With little for me to do there during my first few days, my workdays usually ended by 10 or 11 AM. My afternoons were spent walking the beaches, exploring shops and restaurants, but mostly surfing the gentle waves of Waikiki beach.

One afternoon, after paddling out, I sat mid-point on my surfboard taking in the peaceful scene. There were few people around and I remember feeling as though I had won the lottery. After a half-hour or so another man paddled out and sat beside me waiting for waves, but like me, was in no hurry to catch any. The man was quite tan, extremely lean, had blonde hair and blue eyes. He looked like he belonged in Southern California more than Hawaii.

While striking up a conversation and making small talk, I noticed he had a unique accent. I pride myself on being able to identify accents, even within regions, and I’m usually quite good at it. His, however, was distinct and I couldn’t figure it out. So I asked him leading questions in order to get him talking more. The more he spoke, the harder I had to work at identifying his accent, and the more lost I became in doing so.

I just couldn’t pinpoint his accident. The blonde hair and blue eyes lead me to believe he might be German, Scandinavian, or from somewhere in northern Europe. His accent though, sounded nothing like a European accent.

Eventually I just asked him…

You know, I’m pretty good at identifying accents, but yours is eluding me. Can I ask where you’re from…?

“I’m from Japan” he said through a small but noticeable chuckle.

Never saw that comin’…

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We talked for a few more minutes and explained that he gets that all the time. He was from a 3rd generation family of German immigrants who settled in Japan as missionaries before the turn of the last century. He told me he spoke no German whatsoever, and English was his second language. He had been raised and educated speaking Japanese, hence the accent.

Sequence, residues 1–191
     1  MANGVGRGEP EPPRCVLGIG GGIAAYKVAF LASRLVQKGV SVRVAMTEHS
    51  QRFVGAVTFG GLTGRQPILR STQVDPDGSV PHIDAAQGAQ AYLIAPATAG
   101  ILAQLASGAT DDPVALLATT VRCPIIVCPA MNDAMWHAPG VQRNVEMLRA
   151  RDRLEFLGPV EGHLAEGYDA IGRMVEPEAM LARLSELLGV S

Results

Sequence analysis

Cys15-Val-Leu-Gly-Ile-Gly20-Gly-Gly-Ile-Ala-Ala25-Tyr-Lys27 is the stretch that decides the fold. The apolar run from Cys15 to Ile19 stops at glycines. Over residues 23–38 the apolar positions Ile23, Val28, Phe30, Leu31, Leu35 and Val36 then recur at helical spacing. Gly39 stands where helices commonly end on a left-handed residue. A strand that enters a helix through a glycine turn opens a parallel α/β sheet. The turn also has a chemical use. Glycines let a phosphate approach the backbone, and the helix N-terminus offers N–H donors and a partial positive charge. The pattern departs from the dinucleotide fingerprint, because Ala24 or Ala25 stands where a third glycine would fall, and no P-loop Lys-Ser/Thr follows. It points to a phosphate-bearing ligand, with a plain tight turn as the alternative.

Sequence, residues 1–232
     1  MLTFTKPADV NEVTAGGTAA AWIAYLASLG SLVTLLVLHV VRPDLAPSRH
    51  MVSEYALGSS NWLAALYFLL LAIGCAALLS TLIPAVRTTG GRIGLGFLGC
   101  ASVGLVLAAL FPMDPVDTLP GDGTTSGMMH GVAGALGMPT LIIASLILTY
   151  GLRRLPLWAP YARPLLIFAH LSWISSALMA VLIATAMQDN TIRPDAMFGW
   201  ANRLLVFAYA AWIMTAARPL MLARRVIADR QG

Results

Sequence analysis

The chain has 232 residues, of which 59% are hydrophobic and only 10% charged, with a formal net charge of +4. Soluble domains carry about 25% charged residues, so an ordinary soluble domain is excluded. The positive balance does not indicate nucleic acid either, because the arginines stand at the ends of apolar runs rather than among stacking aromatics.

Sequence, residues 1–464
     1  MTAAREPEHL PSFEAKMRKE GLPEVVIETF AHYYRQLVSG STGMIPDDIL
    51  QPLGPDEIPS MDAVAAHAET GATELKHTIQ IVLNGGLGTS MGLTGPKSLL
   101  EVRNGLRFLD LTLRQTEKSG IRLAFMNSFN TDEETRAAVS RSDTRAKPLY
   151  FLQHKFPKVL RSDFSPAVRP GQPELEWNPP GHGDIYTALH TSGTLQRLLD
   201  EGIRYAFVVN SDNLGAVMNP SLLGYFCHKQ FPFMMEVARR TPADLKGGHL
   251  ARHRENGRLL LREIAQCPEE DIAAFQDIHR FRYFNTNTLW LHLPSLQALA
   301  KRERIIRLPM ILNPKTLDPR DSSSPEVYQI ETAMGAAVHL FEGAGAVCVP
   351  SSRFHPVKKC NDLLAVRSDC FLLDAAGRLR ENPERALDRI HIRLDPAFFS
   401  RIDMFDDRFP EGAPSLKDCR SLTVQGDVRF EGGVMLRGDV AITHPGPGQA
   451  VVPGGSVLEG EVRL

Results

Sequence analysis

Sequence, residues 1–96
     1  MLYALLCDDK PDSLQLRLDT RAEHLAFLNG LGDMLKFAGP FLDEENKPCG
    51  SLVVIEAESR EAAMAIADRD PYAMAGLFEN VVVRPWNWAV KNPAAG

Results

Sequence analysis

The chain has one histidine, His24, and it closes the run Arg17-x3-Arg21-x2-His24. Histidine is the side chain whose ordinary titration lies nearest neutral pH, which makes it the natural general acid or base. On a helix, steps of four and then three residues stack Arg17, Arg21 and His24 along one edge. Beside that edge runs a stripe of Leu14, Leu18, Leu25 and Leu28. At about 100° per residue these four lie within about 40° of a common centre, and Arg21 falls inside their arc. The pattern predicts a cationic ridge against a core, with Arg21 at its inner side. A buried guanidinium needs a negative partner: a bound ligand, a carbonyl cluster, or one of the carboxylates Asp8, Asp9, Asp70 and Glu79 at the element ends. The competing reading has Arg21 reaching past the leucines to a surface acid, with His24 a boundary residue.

Once he explained this to me, it was clear as a bell. He sounded Japanese. He was Japanese. He was just a blonde haired, blue eyed Japanese.

On one hand, I should get a pass for not being able to identify his accent. Blonde haired, blue eyed people rarely have Japanese accents. But the lesson learned that day was quite simple…

There is an explanation for everything, even for those things that are strange and unique. Sometimes though, those explanations are very well hidden and require a little digging…. Jhciacb

If  you have not already, please scroll up and subscribe. Please check back in a few weeks to see what happens when I push the STOP  button on the blender in my head. Oh, and there’s this tasty cover of a bubblegum classic from Cornershop. Enjoy…!

A Faith Of One…

I am resolute in my faith. I believe deeply, but don’t subscribe to any denomination or persuasion. I contemplate, but don’t fall into suit with any school of philosophy. I pray, but I won’t suggest I truly know who is receiving those thoughts. My life has a dogmatic structure, but it is self-designed, practiced with consistency, and always with gratitude.

Still, there are those will come to know these aspects of me and suggest that my faith isn’t real or outright false because it lacks a name, a well-defined deity, ancient decrees, or leadership from beyond my own mind.

That amuses me — the very idea that my faith is less legitimate, less sincere, or less worthy because it’s self-assembled, self-administered, and freelance.

My faith is my faith. It is just as real and just as sincere to me as anyone else’s is to them, though there is no way to accurately measure one’s faith in contrast to that of another — thank God. Or should I just say thank goodness…?